Tackling drunk driving

January 03, 1992

Maryland officials making their New Year's resolutions might want to look to Baltimore County's Office of Substance Abuse. For the third consecutive year, the county put together an impressive coalition from the public and private sectors to save lives during the holiday season -- a time when, traditionally, too many people slug down one last Bloody Mary and then hit the road.

The program builds on the growing nationwide intolerance for drinking and driving, which, like cigarette smoking, is fast

becoming socially unacceptable. But not fast enough.

Today, even with changing attitudes about drunk driving, 45 percent of all traffic fatalities are still alcohol-related. It ought to be obvious by now that party-goers need more than pedantic caution; they need a way to translate good intentions into reality. That is the void the county's holiday program fills.

This year, the Office of Substance Abuse used 14 public libraries to distribute 2,000 holiday party kits, which contained information on how to host a safe party -- from recipes for non-alcoholic drinks to myths about drinking and suggestions for what foods to serve to mitigate the effects of drinking. The kits also contained "designated driver" buttons for those who volunteered to abstain from alcohol for an evening, free Breathalyzers so party-goers could determine, before getting behind the wheel, whether they ought to be driving at all -- and a list of taxi services for those who shouldn't.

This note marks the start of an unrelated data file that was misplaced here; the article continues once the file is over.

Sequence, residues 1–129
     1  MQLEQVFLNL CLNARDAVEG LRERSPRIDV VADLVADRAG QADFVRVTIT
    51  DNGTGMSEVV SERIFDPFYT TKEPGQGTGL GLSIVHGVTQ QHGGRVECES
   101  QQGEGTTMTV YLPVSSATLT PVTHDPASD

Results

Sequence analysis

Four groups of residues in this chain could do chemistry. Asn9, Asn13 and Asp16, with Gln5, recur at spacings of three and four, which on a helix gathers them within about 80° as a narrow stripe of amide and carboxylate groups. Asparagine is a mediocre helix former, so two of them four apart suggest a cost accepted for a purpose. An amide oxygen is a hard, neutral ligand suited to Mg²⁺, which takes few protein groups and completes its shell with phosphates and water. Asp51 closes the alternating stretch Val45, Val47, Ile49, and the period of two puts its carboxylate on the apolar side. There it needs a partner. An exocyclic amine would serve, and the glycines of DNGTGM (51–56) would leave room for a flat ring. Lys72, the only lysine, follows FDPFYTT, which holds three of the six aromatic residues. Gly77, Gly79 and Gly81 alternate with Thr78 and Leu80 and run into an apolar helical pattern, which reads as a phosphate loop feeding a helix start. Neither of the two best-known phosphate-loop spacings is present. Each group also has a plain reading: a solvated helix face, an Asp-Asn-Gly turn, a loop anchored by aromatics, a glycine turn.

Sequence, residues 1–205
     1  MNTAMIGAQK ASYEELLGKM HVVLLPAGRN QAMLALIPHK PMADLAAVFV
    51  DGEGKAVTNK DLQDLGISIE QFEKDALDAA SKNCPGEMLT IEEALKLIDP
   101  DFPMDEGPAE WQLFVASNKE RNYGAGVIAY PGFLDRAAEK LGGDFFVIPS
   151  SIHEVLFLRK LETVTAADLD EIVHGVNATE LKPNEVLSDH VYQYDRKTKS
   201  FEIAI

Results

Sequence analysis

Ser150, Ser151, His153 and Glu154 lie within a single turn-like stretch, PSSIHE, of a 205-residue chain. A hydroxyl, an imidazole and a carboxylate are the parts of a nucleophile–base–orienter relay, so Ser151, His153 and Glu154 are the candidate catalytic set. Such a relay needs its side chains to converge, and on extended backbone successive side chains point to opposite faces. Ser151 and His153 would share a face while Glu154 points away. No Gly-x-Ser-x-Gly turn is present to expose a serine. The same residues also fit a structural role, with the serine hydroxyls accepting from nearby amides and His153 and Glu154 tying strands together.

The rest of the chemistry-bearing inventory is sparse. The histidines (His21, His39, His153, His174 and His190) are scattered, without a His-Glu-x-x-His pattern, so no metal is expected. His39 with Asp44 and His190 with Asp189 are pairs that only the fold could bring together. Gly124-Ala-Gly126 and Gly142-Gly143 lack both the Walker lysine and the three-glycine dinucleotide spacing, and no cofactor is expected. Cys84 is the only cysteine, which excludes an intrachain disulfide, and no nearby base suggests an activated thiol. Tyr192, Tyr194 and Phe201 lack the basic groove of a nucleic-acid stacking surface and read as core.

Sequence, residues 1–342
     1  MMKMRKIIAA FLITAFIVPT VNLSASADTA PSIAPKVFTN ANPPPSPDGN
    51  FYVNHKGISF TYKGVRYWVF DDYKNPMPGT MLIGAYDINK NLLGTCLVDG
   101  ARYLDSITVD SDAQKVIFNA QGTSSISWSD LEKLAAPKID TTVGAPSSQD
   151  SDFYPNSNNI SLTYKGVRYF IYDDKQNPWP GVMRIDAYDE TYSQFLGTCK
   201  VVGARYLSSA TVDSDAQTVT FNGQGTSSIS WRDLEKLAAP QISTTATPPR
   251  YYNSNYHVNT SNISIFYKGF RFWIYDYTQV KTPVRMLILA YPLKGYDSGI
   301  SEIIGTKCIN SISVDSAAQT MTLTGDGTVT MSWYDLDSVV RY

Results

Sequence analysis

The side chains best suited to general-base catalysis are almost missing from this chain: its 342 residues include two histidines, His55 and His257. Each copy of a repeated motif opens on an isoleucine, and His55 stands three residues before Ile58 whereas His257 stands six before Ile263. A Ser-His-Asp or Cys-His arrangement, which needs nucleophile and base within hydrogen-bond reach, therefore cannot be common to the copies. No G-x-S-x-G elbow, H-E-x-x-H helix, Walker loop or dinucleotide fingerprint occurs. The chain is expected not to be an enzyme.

Though the county itself was the engine behind the project, thdriving force was community-wide participation.

Area bars and clubs pitched in, giving free soda and food to people wearing the buttons. County police patrolled roads vigorously, and one local company offered free towing services for intoxicated drivers on New Year's Eve. Public libraries were critical, but so too were the private taxi and towing companies that got on board and the county chapter of Mothers Against Drunk Driving, which paid for the Breathalyzers.

No one-shot program is, of course, going to solve the drinkinand driving problem. But Baltimore County's holiday program stands as a model of the kind of innovative policy that can be affected when government, the private sector and community groups work together.

Particularly in these tight budget times, that ought to be something other jurisdictions want to duplicate and expand on.

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